Hurricane ’22

I grew up and spent most of my life in Pompano Beach, FL (no, that’s not next to Disney World). Outsiders use to say they couldn’t imagine living in the path of hurricanes, but I always felt that you had to pick your poison when it comes to catastrophic weather. It’s something you’ll have to deal with no matter where you live. I’d choose hurricanes every day of the week over the other options because they’re the rare natural disaster you can see coming, so there’s always time to prepare accordingly. (Tornados? F- that!) Typically, those trapped from a horrific storm were ones that didn’t heed the warnings. Or they were the lazy people that said, “I’m not putting up my shutters. These hurricanes all turn before they hit us anyway.”


Almost a year ago, COVID shut down the baseball world. The immediate thought was how terrible the situation would be for the Class of 2021. That turned out to be a short-sighted view because 2021’s were actually able to slip through recruiting’s closing door. The reason 2021’s made it through is because there was too much uncertainty at the time for college coaches to shut down recruiting. Even though we knew there was going to be a flood of players, teams couldn’t say for sure what was going to be available to them, so coaches recruited 2021’s as planned. For somebody in my shoes, it didn’t take long to realize that the eye of the recruiting hurricane was on track to make landfall over the 2022’s.

So here we are, one year later, and the trajectory of the storm is becoming more reliable. 2021’s have been recruited, fall seasons have ended for colleges, and the transfer portal has settled into a trustworthy source for recruiting. As college coaches sit at their desks, many are facing unwanted decisions – ones the NCAA has forced upon them. Rosters need to be trimmed back to normal sooner than later, which makes it safe to assume that more kids are going to be asked to leave rather than commit. As for the programs in need of 2022’s, it will be easy to overlook the high school recruits.

At most places, college coaches need to win to keep their jobs. And if you’re trying to win now, who’s going to help most – a 165 lbs. high school grad, or a 20-year-old SEC/JUCO transfer with hair on his chest that’s been catching 90+ MPH for the past two years?

“Well, what about the crappy D1 programs,” one might ask. First off, there’s no such thing in my opinion. I find that too many people underestimate the amount of talent out there. D1 is D1. But I understand the question, so let me answer it. The D1’s in need of a quick turnaround are not going to get there by taking high school kids. High school kids are a long-term strategy. For a coach taking over a losing program, the goal is to quickly grab a few winning seasons that will attract better recruits. Did you catch the word “quickly” in that last sentence? Developing a high school kid into a college athlete is not something that happens overnight. The quick fix is a job for transfers.

And don’t think for a minute that D2 will be vastly different. Where do you think the D1 kid who got dropped this fall is going to land? You guessed it! In reality, the COVID crisis is going to benefit the lower levels more than anybody. The Power 5 will continue to get what they want and discard the leftovers. Those unfortunate D1 kickbacks just move down a step, which means the next kid, and the next kid, and the next kid also move down a step. Top-end D2 baseball is already better than the bottom-end of D1. Talented transfers are aware of that, so don’t be surprised to see top prospects disregard the “One-Time Transfer Rule” in favor of a nationally recognized D2. MLB organization have already begun mobilizing their scouts to see more D2 baseball than ever before.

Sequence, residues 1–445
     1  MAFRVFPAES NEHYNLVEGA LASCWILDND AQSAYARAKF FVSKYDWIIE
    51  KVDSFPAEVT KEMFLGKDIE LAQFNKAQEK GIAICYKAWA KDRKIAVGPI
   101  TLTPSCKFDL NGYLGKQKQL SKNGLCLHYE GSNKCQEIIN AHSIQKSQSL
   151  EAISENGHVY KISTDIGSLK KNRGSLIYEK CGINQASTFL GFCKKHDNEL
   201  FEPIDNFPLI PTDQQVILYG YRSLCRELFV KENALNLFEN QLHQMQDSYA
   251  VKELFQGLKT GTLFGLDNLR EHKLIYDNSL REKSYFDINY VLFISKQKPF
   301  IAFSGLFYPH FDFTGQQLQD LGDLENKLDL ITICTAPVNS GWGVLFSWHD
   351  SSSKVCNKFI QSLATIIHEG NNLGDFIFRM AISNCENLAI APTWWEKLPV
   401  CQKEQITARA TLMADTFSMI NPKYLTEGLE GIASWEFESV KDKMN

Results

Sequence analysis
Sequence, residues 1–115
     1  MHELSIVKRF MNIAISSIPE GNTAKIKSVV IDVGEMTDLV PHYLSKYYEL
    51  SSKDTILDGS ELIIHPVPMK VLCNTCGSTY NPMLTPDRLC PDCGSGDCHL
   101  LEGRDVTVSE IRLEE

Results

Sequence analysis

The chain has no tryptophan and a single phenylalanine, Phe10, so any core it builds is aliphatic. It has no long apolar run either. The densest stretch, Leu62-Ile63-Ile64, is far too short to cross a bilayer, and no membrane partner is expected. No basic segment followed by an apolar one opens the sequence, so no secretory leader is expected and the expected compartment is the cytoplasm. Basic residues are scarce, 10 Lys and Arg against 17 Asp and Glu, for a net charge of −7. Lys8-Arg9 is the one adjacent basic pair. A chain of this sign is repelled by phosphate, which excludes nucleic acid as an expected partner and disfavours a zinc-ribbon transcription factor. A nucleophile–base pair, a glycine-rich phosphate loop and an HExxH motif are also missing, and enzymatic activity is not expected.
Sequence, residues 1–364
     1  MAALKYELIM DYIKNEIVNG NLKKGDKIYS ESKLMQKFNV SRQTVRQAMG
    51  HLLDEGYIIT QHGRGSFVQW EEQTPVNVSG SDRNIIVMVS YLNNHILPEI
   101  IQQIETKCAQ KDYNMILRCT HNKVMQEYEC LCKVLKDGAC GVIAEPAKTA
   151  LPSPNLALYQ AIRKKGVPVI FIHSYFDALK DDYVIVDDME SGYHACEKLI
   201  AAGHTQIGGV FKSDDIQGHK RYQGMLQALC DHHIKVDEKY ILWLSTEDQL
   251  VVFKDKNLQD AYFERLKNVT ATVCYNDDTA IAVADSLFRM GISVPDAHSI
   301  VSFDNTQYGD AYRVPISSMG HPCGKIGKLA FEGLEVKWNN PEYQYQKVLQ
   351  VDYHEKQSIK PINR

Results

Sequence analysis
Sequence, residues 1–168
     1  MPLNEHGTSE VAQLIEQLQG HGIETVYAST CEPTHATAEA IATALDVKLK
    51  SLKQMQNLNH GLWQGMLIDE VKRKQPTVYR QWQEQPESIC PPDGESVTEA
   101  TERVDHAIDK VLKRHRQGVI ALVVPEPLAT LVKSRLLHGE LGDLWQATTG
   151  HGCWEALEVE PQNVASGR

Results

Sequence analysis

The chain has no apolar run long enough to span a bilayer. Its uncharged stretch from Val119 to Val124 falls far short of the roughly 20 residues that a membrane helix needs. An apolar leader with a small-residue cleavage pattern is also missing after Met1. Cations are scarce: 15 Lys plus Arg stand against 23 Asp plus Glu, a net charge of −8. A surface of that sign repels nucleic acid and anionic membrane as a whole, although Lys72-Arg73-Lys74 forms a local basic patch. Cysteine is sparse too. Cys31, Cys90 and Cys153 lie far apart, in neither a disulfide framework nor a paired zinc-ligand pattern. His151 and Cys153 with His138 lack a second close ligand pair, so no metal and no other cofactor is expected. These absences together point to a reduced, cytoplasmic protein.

What does all this mean for the Class of 2022? It means you should prepare for the storm by digging deep into the pool of 1,600+ college baseball teams. It means that you need to expand your list of potential schools by three and spend your free time researching what colleges might be a fit for you. Create a list using online resources like College Board’s search engine and make sure your list is diversified. Once you’ve built your list, then start reaching out to those programs to express interest in learning more about them. Spend the spring sending videos to everybody and anybody who will watch & listen. Work on building relationships over the next few months. Increase your exposure by utilizing social media outlets. And among other things, take advantage of the thousands of free educational tools available online (like my YouTube page… just sayin’).

I remember having to help my stepdad put up our shutters in preparation for a hurricane. It sucked. We had the old-school panels that we had to drill in one at a time. Covering a single window would take an hour. And yes, more often than not, hurricanes tended to swerve north of us (and crush the Carolinas or float back out into the Atlantic) just a day or two before making landfall on us. I’d be pissed that we spent all that time putting up shutters, but my stepdad always reminded me of the alternative. The old saying, “It’s better to be safe than sorry,” was never wiser.

And one last thing to consider. Hurricanes drag in all the surrounding clouds and bad weather which makes the days before and after the storm some of the most calm and beautiful you’ll ever see. For those 2022’s thinking the recruiting storm has calmed down and the coast is clear, I urge you not to be fooled and to realize what’s lurking in the warm waters of the summer ahead. Be prepared so that you survive and find your college home standing tall in the wreckage left behind.